555 Pennsylvania Ave., N.W. That address, I think, is the most important one in our nation's capital. Because you can literally see the Capitol from the sixth floor of the 555 building, and because the White House is on the other end of Pennsylvania (at 1600 N.W.), you can rule both out as most important, though obviously each is significant in shaping our culture and governing our communities. There are the other great addresses of inspiration: the museums and monuments and congressional offices. But 555 is a place where the First Amendment to the Constitution literally scrolls down the side of the building, reminding passers-by of the five freedoms those other places of government are committed to preserving: speech, religion, press, assembly and petition—freedoms, we all know they (as in government officials) don't always get right.
Which brings us to 555, home of the Newseum, the country's first museum dedicated entirely to those gatekeepers of culture, those watchdogs of government, those voices for the voiceless: journalists. For anyone interested in journalism as either a doer of it or a citizen dependent on it, the Newseum inspires, challenges and instructs at the same time. Yes, it's interactive, fun and enormously creative. But it also provides the news from around the world everyday in its amazing rotation of daily front pages. Its history section gives clues to the perils and sacrifices made throughout the centuries to bring the news to people, to protect their freedoms, to expose injustices or to report the stories that matter to their lives. Its various memorials—whether to modern reporters who've been killed for pursuing the truth or to standard setters in early journalism—are enough to make even the hardened cynic appreciate the role journalism plays for each of us.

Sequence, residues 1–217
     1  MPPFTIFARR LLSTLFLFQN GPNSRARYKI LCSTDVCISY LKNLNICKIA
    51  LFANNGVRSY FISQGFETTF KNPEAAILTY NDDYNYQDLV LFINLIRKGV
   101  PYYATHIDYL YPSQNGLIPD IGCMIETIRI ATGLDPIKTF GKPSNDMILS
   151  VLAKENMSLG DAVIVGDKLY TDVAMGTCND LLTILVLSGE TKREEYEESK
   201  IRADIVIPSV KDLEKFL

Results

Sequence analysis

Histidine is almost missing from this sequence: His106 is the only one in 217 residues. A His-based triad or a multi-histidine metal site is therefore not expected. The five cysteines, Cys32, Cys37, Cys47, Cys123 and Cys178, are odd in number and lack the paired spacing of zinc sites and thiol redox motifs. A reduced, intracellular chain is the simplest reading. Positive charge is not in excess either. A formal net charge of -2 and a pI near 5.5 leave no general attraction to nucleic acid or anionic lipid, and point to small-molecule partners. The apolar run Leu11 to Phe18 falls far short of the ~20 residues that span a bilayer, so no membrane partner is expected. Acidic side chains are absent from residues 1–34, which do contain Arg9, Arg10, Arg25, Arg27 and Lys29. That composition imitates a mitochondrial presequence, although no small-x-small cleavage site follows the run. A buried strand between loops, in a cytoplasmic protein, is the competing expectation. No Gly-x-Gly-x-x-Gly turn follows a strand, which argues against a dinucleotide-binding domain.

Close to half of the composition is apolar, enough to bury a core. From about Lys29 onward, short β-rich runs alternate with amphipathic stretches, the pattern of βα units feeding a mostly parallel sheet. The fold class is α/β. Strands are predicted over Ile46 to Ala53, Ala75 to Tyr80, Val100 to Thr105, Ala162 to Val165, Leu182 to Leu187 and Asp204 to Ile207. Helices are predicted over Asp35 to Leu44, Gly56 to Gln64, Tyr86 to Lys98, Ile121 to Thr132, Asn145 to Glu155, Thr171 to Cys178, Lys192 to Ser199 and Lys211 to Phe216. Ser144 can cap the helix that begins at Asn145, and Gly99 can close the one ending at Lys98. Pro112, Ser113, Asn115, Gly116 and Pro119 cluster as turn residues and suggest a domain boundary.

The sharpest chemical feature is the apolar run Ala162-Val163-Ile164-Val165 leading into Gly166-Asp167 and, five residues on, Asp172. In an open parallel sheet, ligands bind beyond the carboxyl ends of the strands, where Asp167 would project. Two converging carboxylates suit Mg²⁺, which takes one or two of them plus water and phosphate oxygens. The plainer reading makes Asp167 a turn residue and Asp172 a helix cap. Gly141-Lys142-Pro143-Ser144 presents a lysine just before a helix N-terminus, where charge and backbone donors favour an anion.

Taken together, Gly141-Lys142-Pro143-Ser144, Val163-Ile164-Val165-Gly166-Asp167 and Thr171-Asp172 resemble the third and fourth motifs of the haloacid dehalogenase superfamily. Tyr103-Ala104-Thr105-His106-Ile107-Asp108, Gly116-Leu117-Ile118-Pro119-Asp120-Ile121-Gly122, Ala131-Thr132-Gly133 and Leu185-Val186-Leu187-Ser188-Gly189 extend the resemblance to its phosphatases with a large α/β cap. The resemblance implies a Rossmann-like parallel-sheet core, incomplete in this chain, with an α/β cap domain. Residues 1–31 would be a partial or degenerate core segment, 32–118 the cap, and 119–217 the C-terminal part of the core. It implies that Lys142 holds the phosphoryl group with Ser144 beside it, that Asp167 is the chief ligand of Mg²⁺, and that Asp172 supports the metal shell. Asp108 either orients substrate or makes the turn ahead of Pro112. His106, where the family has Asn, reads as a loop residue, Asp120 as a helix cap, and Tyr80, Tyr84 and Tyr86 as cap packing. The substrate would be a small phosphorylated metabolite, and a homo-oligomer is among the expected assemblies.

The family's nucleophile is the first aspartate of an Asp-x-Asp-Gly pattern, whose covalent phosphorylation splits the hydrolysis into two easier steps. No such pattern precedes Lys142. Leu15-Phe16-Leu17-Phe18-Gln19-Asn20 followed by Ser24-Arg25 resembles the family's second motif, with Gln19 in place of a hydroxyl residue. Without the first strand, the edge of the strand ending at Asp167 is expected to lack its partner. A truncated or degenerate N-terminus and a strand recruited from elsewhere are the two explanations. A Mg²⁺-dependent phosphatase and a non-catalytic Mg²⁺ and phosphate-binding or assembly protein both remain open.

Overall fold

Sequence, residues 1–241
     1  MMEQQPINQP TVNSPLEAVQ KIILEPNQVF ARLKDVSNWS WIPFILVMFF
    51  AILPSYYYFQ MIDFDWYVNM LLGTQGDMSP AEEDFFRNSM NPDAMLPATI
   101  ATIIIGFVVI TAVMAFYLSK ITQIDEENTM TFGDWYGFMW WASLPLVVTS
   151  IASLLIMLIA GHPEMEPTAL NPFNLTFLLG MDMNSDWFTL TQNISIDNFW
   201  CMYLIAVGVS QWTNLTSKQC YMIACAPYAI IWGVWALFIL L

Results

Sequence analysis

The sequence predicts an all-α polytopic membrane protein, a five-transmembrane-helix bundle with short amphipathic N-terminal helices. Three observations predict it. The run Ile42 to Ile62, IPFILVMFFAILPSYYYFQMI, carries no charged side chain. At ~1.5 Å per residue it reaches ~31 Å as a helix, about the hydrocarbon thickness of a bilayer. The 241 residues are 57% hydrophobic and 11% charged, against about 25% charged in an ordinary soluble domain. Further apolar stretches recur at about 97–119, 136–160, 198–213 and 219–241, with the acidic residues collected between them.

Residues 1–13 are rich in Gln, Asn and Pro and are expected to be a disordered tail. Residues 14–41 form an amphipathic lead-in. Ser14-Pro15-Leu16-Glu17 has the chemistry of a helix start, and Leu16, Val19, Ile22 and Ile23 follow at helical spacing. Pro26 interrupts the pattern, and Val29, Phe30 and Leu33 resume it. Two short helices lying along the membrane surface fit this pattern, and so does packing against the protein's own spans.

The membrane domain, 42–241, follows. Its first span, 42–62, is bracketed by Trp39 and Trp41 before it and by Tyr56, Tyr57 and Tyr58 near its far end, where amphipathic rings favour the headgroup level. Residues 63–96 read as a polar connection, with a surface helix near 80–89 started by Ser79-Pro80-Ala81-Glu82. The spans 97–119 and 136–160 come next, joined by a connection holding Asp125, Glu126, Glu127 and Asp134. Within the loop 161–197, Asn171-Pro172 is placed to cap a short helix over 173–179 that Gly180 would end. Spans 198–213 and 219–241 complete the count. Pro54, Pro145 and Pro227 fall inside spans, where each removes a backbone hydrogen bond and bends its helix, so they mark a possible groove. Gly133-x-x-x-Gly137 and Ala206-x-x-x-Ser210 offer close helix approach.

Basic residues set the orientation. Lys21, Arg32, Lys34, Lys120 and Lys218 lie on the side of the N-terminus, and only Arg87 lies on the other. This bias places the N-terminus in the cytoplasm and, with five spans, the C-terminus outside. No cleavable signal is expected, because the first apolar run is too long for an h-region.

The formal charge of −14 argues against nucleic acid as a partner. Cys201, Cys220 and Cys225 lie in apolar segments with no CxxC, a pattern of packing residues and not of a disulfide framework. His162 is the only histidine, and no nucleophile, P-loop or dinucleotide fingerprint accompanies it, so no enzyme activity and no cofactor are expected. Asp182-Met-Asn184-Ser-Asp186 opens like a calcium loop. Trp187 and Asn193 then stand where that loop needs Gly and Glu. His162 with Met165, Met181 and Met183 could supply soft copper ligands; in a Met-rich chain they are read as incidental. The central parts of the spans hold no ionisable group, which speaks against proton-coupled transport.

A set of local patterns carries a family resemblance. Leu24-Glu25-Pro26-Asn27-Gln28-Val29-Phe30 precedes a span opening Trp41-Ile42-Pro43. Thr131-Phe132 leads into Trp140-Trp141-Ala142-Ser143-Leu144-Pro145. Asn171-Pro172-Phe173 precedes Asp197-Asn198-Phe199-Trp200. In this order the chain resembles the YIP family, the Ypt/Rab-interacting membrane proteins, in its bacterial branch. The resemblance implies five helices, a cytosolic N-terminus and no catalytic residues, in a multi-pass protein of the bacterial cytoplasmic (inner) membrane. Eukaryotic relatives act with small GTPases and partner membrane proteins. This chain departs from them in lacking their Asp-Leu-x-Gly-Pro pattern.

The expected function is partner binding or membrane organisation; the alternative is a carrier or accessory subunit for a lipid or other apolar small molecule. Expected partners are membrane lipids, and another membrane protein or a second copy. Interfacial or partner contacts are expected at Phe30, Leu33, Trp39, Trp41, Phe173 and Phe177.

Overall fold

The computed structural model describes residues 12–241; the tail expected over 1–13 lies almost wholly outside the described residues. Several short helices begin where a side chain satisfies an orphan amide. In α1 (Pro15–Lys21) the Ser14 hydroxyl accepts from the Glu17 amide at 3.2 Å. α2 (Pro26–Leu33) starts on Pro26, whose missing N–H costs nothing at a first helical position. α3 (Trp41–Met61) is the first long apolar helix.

This place, with all its artifacts, films and exhibits, matters. When I visited again last week, I realized its importance anew as I sat next to a fifth grader on a field trip while we waited for a movie to start. Her black braids shot off her head, her enthusiasm spilled over her seat into mine. Before the 4D film began (and we weren't wearing the funny glasses) I asked her if she wanted to be a reporter. "Yeah, I think that'd be so cool," she said, a grin on her face nearly as wide as the Potomac. The movie started and she marveled—quite exuberantly I might add—more than anyone in the cinema. And when the credits rolled, she told me that was "awesome." I told her I hoped to read her byline someday and advised her to always tell the truth in her stories. She seemed confused. "Of course. What else would I tell?" she asked.